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Found 5 results

  1. I don't know if this is of any interest, but Jane, my rather wonderful wife, got me a day out as a "Falconer" at the Gauntlet Birds of Prey Centre near Knutsford as a Christmas prezzy and last Sunday a friend of mine ,Parky, and I went to see just how big a White Tailed Eagle looked rather close up.Falconry is of course a Field Sport, as we politly say in England but there is no doubt that without falconry techniques a lot of re-introduction schemes for raptors would not of got off the ground, and some species-such as the Mauritius Falcon, would not be hear now. Jane had arranged for the Eagle experience which was a day out etting close to various birds building up to holding a flying several Eagles. I say pretending to be a falconer.Off course falconry is a time consuming labour of love, bonding with a bird, finding out its personality and its ideal flying weight.We would be learning to hold the birds on the glove and flying some of them.It was all very exciting!
  2. Can anyone help with an ID on this raptor seen in Kaziranga National Park? My first thought was Changeable Hawk Eagle and that's what I have listed, but now I'm not so sure. The feathering just doesn't match any other images I've Googled, and the eye should be much brighter yellow, even given the dim light. Any other thoughts? This is just a briefly processed photo for ID purposes only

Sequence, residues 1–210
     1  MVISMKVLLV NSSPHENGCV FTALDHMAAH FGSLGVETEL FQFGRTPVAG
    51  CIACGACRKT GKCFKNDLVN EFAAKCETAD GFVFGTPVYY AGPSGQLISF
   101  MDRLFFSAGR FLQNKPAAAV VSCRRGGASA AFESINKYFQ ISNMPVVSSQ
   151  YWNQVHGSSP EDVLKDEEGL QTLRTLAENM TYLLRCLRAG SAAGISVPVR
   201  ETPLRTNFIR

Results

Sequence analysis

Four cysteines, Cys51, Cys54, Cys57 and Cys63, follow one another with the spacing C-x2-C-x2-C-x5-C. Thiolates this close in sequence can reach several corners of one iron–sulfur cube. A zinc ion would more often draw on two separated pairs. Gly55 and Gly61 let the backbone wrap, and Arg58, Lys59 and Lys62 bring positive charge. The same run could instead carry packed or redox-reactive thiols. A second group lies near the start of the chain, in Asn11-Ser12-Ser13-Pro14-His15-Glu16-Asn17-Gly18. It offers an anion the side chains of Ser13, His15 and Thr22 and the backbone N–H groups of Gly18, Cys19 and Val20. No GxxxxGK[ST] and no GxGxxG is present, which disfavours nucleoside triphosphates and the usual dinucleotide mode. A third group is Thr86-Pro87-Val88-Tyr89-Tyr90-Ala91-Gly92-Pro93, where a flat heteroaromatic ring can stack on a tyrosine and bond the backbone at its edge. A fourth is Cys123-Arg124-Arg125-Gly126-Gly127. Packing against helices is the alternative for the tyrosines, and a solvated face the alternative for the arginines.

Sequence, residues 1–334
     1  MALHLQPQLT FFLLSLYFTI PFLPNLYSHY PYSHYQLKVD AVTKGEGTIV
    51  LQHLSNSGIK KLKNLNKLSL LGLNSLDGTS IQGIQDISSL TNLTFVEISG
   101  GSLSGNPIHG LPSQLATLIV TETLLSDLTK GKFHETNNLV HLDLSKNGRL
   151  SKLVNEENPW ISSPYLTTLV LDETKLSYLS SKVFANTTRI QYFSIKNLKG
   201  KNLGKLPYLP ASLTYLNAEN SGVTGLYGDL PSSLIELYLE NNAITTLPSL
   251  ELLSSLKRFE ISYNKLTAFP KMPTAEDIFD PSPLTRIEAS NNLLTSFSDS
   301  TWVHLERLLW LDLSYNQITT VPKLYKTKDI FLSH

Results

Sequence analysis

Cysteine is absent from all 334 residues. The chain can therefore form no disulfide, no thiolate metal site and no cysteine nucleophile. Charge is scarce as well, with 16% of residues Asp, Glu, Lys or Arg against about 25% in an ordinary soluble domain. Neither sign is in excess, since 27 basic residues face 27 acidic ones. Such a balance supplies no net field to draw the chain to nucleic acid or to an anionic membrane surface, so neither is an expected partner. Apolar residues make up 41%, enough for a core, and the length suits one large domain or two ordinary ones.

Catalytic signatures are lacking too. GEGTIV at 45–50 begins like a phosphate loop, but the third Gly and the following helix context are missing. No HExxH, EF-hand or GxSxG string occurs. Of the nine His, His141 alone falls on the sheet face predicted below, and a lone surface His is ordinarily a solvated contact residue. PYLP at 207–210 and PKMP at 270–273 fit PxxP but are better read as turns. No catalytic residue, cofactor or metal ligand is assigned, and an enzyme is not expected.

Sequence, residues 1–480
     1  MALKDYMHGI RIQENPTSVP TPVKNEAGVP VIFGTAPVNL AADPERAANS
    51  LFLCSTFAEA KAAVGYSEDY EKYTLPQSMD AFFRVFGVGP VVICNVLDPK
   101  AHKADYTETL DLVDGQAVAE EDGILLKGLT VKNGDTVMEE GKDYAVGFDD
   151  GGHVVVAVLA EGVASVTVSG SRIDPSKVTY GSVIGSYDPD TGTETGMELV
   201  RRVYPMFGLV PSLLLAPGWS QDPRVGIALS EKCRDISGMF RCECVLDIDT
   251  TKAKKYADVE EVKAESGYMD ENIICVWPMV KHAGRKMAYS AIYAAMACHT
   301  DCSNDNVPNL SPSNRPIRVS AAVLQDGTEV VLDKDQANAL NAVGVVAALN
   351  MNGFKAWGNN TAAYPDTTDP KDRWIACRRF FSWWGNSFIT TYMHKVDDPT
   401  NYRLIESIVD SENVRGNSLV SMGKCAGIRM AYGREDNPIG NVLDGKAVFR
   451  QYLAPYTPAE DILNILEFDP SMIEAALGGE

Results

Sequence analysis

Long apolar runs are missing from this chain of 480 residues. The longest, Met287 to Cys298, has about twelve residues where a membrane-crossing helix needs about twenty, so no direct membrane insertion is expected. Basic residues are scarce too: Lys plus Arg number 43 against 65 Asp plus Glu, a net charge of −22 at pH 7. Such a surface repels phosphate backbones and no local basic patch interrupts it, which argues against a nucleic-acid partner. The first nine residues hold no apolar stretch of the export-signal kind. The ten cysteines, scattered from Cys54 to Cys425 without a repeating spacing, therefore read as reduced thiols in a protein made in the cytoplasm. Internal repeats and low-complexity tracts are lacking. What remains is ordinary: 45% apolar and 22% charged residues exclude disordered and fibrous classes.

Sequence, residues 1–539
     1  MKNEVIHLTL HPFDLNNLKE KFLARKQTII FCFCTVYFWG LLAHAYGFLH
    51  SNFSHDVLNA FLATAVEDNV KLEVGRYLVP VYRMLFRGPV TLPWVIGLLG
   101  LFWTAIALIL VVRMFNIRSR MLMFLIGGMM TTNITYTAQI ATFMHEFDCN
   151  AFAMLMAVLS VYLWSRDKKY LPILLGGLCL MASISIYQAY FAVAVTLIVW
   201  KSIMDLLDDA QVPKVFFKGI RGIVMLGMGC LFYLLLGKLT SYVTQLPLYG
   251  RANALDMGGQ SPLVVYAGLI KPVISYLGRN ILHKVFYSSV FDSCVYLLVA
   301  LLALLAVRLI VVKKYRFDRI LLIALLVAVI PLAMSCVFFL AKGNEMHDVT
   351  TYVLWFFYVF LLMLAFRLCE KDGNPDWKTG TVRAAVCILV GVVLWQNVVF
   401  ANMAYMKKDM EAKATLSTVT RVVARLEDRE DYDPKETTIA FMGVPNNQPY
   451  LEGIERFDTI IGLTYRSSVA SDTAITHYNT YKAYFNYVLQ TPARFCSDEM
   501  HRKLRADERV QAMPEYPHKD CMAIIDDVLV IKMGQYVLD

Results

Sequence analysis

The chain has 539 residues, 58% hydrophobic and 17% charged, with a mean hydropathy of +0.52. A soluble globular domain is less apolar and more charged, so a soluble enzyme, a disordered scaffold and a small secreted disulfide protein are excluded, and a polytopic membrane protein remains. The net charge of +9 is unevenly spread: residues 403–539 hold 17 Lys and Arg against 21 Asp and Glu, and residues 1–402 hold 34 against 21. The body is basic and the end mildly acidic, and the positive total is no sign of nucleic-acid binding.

3. Doing a search on this site I could find only two trip reports on the KTP so thought this would be a good place to start with a trip report. Nestled between Botswana and Namibia in the North Western corner of South Africa is what was formerly called the Kalahari Gemsbok Park which now makes up part of the larger KTP. The Kgalagadi is a harsh land, and Kagalagadi means the Great Thirstland. As would be expected it is arid. At the same time it has a remarkable beauty and a host of animals that survive in this wonderland. This journey will show you each camp, the accommodation, what you will pay for it, and what you can expect to see in the camp and surrounding area. We will start at the northern most camp, Grootkolk, and work our way south down the Nossob Riverbed, across the dunes, on to the Auob Riverbed and finish at the Southern entrance of the Park which is Twee Rivieren (meaning two rivers) In my opinion the KTP is arguably the best Park on the planet for big cats (you can get really close to these) and raptor sightings for the price you pay (relatively cheap compared to other Parks). Black Shouldered Kite with Beakfast Red Necked Falcon You will enjoy many of these sightings to yourself and there are also the little cats, African Wildcat and Caracal. Honey Badgers and Brown Hyenas. Aarwolfs and Aaardvarks. Suricates (meerkats) and some very special antelope. Rollers and bee-eaters, waxbills and shrikes Beautiful sunrises and sunsets and the red sands of the Kalahari. You do not need a guide to do the KTP. You can get a flight to Upington form Johannesburg or Cape Town and from Upington to Twee Rivieren is a comfortable 2.5 hour drive on a tarred road. Overses visitors will need to hore a car and price will depend on what you get. To get to Bitterpan and Gharagab Camps you will need a 4x4 woth low range as you will be driving the dunes to get to these. For the rest of the camps juts a vehicle with high clearance is rfecommended so that you visisbility is not restricted - the sand ridges at the side of the road ar high in places. Be warned, once you get that red sand between your toes, you will just want to return again and again. All this time effort, you might ask what is in it for me: 1. To share the magic of South African Parks with you. 2. To reach an international group of like minded people to show the challenges and threats we are faced with in conserving these areas so that we can discuss possible solutions. I will post in the Rhino Poaching Topic shortly.